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Wed, Dec 06, 2000 - Page 3 News List

Legislator raises warning against Chinese spy influx

By Lin Mei-chun  /  STAFF REPORTER

Citing national security concerns, DPP lawmakers yesterday called on the government to publicize cases where Chinese spies had infiltrated Taiwan.

"Yu Ke-li (余克禮), a Chinese scholar who visited Taiwan in April, is in fact deputy director of China's 15th department of the Ministry of State Security (國安局)," said DPP lawmaker Wang Hsing-nan (王幸男).

Wang added that another person holding a high rank in the Chinese government had been invited to Taiwan by National Central University.

Yu, a deputy director of the Taiwan Research Institute within the Chinese Academy of Social Sciences, was in Taiwan in April and met with various Taiwanese political figures during his visit.

Wang said that the information concerning Yu had been confirmed by Han Kun, deputy director of the National Security Bureau, during their meeting at the Legislative Yuan yesterday.

"Han Kun told me that he was aware of Yu's identity, and that therefore, everything was `under control,'" Wang said.

Wang went on to say that Wu Guozhen (吳國禎), a visiting scholar invited by the National Central University's (中央大學) department of physics, who stayed in Taiwan from Jan. 1 to June 26, is a member of the standing committee of China's Taiwan Democratic Self-government League.

Ethnically Taiwanese, Wu earned a bachelor's degree from National Tsing Hua University, but had been working for various Chinese academic institutions since 1977. He is presently teaching at Qinghua University in Beijing, according to Wang.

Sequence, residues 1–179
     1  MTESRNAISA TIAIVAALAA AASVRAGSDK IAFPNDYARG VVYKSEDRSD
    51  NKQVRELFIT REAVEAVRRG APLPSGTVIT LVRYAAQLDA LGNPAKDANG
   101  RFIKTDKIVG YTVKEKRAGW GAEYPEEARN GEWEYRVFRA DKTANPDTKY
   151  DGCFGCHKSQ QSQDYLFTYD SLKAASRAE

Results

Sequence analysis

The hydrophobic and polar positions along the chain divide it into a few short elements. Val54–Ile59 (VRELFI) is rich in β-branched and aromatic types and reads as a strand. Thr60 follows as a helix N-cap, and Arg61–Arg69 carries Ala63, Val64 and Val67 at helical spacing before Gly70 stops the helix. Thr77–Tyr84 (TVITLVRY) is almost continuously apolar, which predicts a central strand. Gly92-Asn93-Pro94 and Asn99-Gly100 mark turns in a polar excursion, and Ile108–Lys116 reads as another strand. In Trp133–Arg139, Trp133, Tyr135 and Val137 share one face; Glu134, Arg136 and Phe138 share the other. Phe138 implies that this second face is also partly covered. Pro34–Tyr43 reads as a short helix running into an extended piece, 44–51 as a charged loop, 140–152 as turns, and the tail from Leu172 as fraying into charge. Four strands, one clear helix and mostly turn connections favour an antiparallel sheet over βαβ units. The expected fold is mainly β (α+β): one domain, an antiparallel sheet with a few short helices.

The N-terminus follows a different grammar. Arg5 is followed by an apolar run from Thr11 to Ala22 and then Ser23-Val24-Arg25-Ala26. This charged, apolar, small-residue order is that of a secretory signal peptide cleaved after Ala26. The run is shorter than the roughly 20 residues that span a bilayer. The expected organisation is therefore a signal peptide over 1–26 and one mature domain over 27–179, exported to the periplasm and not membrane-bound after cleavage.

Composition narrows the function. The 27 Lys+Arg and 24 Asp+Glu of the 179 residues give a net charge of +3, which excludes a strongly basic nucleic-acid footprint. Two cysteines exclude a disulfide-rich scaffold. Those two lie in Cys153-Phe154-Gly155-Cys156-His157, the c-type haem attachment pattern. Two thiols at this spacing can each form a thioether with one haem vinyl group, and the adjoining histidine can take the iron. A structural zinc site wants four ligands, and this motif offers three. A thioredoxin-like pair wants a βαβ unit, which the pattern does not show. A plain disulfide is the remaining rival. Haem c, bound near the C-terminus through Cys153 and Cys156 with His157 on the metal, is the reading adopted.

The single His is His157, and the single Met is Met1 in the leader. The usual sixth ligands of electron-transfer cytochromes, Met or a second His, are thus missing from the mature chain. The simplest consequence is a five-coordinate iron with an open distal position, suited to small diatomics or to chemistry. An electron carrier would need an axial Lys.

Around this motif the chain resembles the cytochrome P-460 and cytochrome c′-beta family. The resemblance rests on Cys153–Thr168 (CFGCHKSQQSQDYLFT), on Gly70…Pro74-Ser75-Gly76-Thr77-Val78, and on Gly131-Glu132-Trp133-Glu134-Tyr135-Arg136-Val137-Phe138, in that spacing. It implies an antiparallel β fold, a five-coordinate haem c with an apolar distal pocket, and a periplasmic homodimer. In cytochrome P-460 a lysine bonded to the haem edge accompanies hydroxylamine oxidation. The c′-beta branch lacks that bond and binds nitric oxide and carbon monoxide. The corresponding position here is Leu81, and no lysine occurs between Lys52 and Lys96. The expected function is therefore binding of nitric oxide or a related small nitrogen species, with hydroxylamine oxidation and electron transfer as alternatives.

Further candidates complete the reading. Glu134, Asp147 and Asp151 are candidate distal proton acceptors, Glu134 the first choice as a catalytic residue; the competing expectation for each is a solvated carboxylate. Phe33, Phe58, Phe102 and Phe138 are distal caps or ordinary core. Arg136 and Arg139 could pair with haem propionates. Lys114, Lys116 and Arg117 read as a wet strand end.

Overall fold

Wang said the National Security Bureau should make public all spy cases to protect national security.

Cheng Tao-leng (鄭道隆), an aide to Wang, told the Taipei Times that Wu had been invited by National Central University with the assistance of Li Wen-Chien (李文獻), a professor of the university's physics department. Cheng said the National Science Council had even sponsored part of the project.

Cheng said he would continue to look into the case to determine if National Central University and the National Science Council were aware of Wu's status when they decided to invite him.

Lawmakers attending the press conference also raised concerns about the lack of police to monitor Chinese entering Taiwan.

DPP Legislator Chang Ching-fang (張清芳) said that the number of Chinese nationals coming to Taiwan since 1998, when visits were first allowed between the two countries, was rising at an alarming rate.

"The number [of Chinese visitors] will grow even faster after the `small three links' (小三通) are opened Jan. 1. But there are half the number of police necessary to handle the number of Chinese coming across the border," Chang said.

Cheng, Wang and another DPP lawmaker, Yeh Yi-jin (葉宜津), drafted a joint petition to police authorities to expand the number of police officers to deal with Chinese visitors to two or three per police station.

Meanwhile, yesterday Han said that the number of suspected Chinese spies under observation by Taiwan's intelligence agencies was " in the hundreds."

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